Our Travel blog
Tuesday 11 October – Thursday 13 October
Okay, let us get this entry over with in a hurry. It hasn’t been our finest few days. Alison had a relapse of the virus that’s been haunting her for a while. It hit her hard and she spent much of Tuesday in bed. We went to Shallowford on Wednesday but although the change of air and company helped it’s been a difficult few days for her. Nevertheless we joined in with the garden working party and generally pottered about. I even got to drive the tractor.
On Thursday I had an interview in Leek, for a job I’d applied for before being offered work at Shallowford. Thus early in the morning I was trying to remember how to do up a tie and generally attempting to look respectable. I emerged from the interview after an hour and a half mentally exhausted but pleased enough with my performance to warrant treating Alison to a baked potato lunch in Leek. Never let it be said that I don’t know how to treat a lady. The illusion of a cool, calm and debonair man-about-town crumbled when it came time to pay and I realised the café didn’t accept cards and I was ‘light’ of cash. I left Alison as security while I popped next door to the cash machine and returned to find her swapping life stories with our host. I eventually hauled her away and back to our borrowed car and to Shallowford where Alison took a nap to try and shake off the symptoms of her virus. I donned my work clothes and made a token effort to join in the gardening, casually appearing just as they wandered in for tea and cake, for which I enthusiastically joined them.
Later I took a call to let me know I wasn’t successful, although the feedback was generous and kind. I’d missed out to the person who was offered the position by 2 points. Which on reflection may be good or not. If it was 2 points out of a possible 100 then I don’t feel too bad. If I was 2 behind out of 3 then maybe I wasn’t so proficient after all. Anyway, it has all worked out for the best. It means Alison and I can work together in one place, I won’t need to commute and the tie can be consigned to the back of my underwear drawer again.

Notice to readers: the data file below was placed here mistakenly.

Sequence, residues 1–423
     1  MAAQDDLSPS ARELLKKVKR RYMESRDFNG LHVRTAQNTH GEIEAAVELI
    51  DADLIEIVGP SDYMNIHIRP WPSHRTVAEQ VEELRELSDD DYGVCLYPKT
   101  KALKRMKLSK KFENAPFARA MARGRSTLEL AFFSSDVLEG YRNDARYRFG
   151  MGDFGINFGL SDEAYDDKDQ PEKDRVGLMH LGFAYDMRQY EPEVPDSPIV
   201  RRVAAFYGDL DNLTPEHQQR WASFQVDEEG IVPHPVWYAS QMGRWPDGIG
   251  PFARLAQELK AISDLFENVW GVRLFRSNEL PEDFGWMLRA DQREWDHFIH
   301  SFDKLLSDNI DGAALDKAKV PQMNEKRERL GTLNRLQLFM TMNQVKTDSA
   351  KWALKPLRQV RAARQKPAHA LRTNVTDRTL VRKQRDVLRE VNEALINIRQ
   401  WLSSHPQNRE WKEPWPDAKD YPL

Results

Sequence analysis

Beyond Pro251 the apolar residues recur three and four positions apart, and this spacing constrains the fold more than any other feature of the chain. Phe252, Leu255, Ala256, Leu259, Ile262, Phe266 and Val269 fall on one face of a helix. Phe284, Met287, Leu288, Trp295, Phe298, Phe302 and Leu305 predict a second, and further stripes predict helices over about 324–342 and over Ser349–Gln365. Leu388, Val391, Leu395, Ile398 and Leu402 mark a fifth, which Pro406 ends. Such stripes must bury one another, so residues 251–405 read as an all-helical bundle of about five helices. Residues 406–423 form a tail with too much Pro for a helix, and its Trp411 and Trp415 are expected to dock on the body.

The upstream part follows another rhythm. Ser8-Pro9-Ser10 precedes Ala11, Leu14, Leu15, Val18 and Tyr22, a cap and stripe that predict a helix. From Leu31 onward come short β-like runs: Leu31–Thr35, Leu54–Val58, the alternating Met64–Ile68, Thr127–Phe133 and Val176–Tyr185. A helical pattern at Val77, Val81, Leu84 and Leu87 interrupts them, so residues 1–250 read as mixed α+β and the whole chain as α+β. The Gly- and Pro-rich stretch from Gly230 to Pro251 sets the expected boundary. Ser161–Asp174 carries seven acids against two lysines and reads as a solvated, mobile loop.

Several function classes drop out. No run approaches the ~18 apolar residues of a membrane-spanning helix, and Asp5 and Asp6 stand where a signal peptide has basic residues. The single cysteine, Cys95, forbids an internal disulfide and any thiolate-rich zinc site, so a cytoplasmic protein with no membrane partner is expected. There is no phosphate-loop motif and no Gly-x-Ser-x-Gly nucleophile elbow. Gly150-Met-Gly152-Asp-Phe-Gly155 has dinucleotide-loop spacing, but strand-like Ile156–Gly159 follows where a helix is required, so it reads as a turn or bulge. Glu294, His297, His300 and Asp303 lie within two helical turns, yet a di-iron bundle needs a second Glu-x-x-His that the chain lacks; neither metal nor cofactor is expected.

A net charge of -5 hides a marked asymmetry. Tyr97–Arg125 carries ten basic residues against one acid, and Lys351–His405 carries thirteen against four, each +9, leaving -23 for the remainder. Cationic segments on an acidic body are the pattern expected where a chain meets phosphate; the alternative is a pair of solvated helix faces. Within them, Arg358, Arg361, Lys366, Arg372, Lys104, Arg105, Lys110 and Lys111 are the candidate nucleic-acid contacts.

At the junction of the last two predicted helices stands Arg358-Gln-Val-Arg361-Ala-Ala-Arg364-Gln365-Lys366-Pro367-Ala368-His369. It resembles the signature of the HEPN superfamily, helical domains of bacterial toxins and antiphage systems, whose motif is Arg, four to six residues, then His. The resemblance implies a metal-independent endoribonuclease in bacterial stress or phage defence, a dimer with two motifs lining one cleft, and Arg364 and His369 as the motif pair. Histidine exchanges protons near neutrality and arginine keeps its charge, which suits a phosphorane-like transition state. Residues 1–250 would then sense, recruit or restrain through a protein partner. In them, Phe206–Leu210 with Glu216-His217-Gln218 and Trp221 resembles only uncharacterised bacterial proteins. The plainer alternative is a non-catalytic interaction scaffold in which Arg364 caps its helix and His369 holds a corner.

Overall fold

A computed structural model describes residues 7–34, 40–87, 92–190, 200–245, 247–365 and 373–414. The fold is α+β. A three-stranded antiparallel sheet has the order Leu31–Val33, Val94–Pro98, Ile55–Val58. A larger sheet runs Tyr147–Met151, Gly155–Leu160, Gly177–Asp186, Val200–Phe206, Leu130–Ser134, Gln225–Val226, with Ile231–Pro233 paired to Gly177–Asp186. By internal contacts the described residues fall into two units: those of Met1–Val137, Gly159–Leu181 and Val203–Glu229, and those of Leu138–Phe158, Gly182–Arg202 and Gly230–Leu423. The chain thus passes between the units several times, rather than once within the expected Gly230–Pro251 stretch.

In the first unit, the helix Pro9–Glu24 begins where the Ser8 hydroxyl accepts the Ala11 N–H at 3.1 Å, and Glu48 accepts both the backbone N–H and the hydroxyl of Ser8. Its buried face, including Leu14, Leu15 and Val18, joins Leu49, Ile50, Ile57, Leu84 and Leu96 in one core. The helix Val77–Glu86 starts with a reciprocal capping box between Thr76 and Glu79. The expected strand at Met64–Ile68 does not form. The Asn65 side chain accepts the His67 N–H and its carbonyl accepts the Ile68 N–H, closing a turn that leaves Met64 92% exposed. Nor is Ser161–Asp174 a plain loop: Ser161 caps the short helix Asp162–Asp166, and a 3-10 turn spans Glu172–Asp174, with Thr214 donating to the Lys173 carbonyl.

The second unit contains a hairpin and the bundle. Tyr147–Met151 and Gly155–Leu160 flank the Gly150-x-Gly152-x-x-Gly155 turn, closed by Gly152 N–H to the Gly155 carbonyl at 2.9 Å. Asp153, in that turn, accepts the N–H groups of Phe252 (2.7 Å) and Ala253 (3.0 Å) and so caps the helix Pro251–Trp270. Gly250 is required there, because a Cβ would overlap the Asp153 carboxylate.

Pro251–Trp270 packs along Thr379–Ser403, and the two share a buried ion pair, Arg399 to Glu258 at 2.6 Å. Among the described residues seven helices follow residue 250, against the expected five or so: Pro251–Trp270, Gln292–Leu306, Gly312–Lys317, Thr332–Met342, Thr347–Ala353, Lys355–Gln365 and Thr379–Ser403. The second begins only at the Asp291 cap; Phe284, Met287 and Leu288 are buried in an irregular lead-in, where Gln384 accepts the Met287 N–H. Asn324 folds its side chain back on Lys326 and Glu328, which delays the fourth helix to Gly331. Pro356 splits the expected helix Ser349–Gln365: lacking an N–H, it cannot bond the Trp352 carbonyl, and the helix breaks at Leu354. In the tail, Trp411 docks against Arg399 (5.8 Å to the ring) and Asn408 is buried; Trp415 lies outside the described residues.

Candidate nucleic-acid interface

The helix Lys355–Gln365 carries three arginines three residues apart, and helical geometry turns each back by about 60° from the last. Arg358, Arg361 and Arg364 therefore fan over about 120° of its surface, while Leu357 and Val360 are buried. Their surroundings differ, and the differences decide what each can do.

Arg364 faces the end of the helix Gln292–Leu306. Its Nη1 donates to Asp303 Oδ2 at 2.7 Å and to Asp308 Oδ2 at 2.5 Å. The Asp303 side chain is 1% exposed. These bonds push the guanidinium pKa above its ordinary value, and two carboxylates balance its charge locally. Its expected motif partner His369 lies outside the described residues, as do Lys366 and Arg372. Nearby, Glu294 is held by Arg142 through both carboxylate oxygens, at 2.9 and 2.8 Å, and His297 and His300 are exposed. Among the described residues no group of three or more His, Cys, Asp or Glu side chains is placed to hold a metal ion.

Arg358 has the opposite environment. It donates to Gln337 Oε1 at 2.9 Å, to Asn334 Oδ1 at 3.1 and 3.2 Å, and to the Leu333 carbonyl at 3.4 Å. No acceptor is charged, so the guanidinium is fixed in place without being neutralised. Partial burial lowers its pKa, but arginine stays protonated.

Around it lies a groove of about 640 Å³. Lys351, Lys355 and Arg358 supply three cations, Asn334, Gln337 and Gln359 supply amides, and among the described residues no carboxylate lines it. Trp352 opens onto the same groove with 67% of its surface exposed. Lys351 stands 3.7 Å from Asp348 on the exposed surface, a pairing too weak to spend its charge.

I’ve never really understood the purpose of a tie. It can certainly look smart, affording decorum to a gentleman’s attire for formal occasions. But as everyday wear it seems odd. Like a fabric arrow pointing to one’s willy or often in my case a kind of formal bib. In the days when I wore one regularly I seriously considered getting my ties laminated so that they’d last longer than a week without the pattern being obscured by food debris or serrated by the shredder. And of course in an office environment the wearing of ties opens a window to the soul of your colleagues. You get the plain, sombre tie wearers, the fashionistas with their huge or skinny knots as fashion dictates, the work experience lad with his nylon school shirt and a tie he’s borrowed from his dad; it’s probably brown with a pattern like 1970’s wallpaper. Then there’s the old boy in accounts who’s worn the same suit for 20 years and who dusts off his racy Christmas tie with the sad little faded reindeer on that is wearing 20 years’ worth of mince pie crumbs and smelling of moth balls and spilt mulled wine. And then, worst of all is the office worker who wears silly ties with adolescent comic book motifs, little cars or Disney characters on to show he’s a bit of a laugh and not the sad sack of disenchanted frustration with an unrequited crush on Sally in Administration that he really is. Ties, pah says I.